Three days later and with hundreds of faculty members calling for his resignation, Nikias appeared to resign. In a May 25 letter to the USC community, Caruso said Nikias had “agreed to begin an orderly transition and commence the process of selecting a new president.”
Over the next two months, however, there was little public indication that the university was looking for a new leader. No search committee was formed, and Nikias continued to be seen arriving on campus in his chauffeured SUV.
Some faculty suspected trustees were contemplating keeping Nikias on. The 65-year-old president was beloved by some on the board for elevating USC’s academic profile and in securing large donations during eight years in office. The board’s esteem for Nikias could be seen in his compensation package, which topped $3 million in 2015 and made him one of the nation’s highest-paid academic leaders.
A petition last week signed by nearly 700 professors expressed dismay that there had been “no follow-up,” such as forming a search committee or naming an interim president.
“We find ourselves in a state of turmoil and uncertainty,” the petition said. With new students arriving on campus Aug. 15, it stated, “President Nikias cannot be the one who stands up to greet new students at the Convocation.”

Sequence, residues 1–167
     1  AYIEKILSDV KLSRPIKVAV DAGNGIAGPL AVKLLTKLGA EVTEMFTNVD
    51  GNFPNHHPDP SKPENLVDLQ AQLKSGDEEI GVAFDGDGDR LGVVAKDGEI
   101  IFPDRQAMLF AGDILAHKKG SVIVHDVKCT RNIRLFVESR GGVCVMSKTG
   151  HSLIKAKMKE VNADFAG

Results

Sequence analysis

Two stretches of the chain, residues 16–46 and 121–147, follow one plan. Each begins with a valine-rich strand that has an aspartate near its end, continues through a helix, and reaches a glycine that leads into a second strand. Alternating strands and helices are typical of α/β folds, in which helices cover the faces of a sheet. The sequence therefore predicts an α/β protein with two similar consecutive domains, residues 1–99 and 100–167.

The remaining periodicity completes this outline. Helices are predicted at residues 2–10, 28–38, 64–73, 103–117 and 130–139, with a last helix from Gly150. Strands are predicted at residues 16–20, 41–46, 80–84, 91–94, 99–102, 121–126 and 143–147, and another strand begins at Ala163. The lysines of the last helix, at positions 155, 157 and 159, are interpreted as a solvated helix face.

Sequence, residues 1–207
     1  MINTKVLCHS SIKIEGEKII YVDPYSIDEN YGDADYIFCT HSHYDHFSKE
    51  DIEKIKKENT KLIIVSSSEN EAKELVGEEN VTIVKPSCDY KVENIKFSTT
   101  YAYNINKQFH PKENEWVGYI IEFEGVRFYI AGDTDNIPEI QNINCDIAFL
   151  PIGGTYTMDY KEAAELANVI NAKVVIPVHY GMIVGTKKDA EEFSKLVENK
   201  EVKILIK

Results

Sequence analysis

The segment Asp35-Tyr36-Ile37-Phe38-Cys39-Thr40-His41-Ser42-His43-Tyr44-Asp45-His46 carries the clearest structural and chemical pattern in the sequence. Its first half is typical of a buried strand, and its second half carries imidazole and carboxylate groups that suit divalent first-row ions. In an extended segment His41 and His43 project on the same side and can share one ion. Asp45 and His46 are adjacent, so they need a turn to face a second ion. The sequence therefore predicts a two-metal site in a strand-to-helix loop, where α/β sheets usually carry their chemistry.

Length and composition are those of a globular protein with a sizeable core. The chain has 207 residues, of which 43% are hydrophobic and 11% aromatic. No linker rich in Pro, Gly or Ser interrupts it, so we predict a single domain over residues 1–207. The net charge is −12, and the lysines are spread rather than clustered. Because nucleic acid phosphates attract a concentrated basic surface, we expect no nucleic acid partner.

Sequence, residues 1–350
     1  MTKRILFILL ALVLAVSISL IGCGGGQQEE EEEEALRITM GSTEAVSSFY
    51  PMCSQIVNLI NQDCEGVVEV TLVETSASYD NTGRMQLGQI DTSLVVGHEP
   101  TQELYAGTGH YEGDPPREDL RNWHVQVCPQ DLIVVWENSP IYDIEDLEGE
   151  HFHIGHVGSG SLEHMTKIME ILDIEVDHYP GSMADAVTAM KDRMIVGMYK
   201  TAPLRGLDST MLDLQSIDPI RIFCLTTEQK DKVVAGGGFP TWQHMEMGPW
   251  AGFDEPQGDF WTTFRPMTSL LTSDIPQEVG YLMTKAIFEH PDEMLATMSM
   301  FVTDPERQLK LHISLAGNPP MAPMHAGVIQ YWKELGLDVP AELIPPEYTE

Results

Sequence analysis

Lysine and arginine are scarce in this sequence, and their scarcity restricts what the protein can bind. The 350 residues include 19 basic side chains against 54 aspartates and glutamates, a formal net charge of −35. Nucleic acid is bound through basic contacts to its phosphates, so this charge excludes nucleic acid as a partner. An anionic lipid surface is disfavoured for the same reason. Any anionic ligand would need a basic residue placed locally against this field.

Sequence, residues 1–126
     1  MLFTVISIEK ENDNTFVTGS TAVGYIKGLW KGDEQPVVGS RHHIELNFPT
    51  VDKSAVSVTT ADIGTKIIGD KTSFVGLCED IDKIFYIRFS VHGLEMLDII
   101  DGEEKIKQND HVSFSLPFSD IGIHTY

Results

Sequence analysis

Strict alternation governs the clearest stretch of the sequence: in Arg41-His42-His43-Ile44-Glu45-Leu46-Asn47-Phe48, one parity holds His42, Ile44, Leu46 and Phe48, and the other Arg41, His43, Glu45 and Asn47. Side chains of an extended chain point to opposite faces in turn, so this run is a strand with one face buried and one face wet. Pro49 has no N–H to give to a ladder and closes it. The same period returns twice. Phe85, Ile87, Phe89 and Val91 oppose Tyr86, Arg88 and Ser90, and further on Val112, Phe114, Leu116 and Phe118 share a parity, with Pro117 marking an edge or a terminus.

Law professor Ariela Gross, who helped draft the May letter calling for Nikias’ resignation, said she was pleased with the board’s decisions.
“We’re very glad to see the trustees heard the voices of the community at USC and have moved forward with a transition in the leadership,” said Gross, the John B. and Alice R. Sharp professor of law and history. “We look forward to working with the interim president and the search committee to find a great new president of USC.”
The person ultimately selected by the trustees will take the helm of an institution battered by allegations of misconduct by senior personnel and cover-ups by university leaders. The university fired its head football coach Steve Sarkisian in 2015 after he slurred his words and yelled a profanity at a booster event. He later sought treatment for alcoholism.
Then last summer, The Times revealed that Dr. Carmen A. Puliafito ran the USC medical school while using methamphetamine and other drugs, and partying with a circle of criminals and addicts. USC had kept him in his post despite years of complaints from faculty and staff about his performance and demeanor.
His successor in the job, Rohit Varma, was forced out in the fall after the newspaper learned the university had settled a sexual harassment suit against him by a female researcher.
Despite the succession of negative headlines, Nikias continued to have the board’s support. That began to crumble as Tyndall’s 27-year history at the student health clinic emerged. Numerous patients and staffers complained about the gynecologist, but he remained on staff until last year when an internal investigation found he had sexually harassed students.
Administrators reached a secret deal with Tyndall that allowed him to resign with a financial settlement. They did not inform the state medical board at the time or notify his patients of their findings.